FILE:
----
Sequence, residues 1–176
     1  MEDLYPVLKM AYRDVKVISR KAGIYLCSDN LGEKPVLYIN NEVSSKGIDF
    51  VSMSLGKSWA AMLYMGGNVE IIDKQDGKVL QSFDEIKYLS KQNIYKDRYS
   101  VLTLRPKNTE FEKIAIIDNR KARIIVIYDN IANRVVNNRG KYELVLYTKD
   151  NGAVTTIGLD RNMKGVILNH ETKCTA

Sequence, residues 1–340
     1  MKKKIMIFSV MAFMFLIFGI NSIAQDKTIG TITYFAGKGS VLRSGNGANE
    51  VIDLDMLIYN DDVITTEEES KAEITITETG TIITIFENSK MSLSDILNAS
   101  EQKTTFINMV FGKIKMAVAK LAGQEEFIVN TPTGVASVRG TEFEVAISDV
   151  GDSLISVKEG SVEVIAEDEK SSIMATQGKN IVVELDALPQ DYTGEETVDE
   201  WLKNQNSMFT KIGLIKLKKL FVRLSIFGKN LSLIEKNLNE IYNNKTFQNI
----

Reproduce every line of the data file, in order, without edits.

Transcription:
Sequence, residues 1–176
     1  MEDLYPVLKM AYRDVKVISR KAGIYLCSDN LGEKPVLYIN NEVSSKGIDF
    51  VSMSLGKSWA AMLYMGGNVE IIDKQDGKVL QSFDEIKYLS KQNIYKDRYS
   101  VLTLRPKNTE FEKIAIIDNR KARIIVIYDN IANRVVNNRG KYELVLYTKD
   151  NGAVTTIGLD RNMKGVILNH ETKCTA

Sequence, residues 1–340
     1  MKKKIMIFSV MAFMFLIFGI NSIAQDKTIG TITYFAGKGS VLRSGNGANE
    51  VIDLDMLIYN DDVITTEEES KAEITITETG TIITIFENSK MSLSDILNAS
   101  EQKTTFINMV FGKIKMAVAK LAGQEEFIVN TPTGVASVRG TEFEVAISDV
   151  GDSLISVKEG SVEVIAEDEK SSIMATQGKN IVVELDALPQ DYTGEETVDE
   201  WLKNQNSMFT KIGLIKLKKL FVRLSIFGKN LSLIEKNLNE IYNNKTFQNI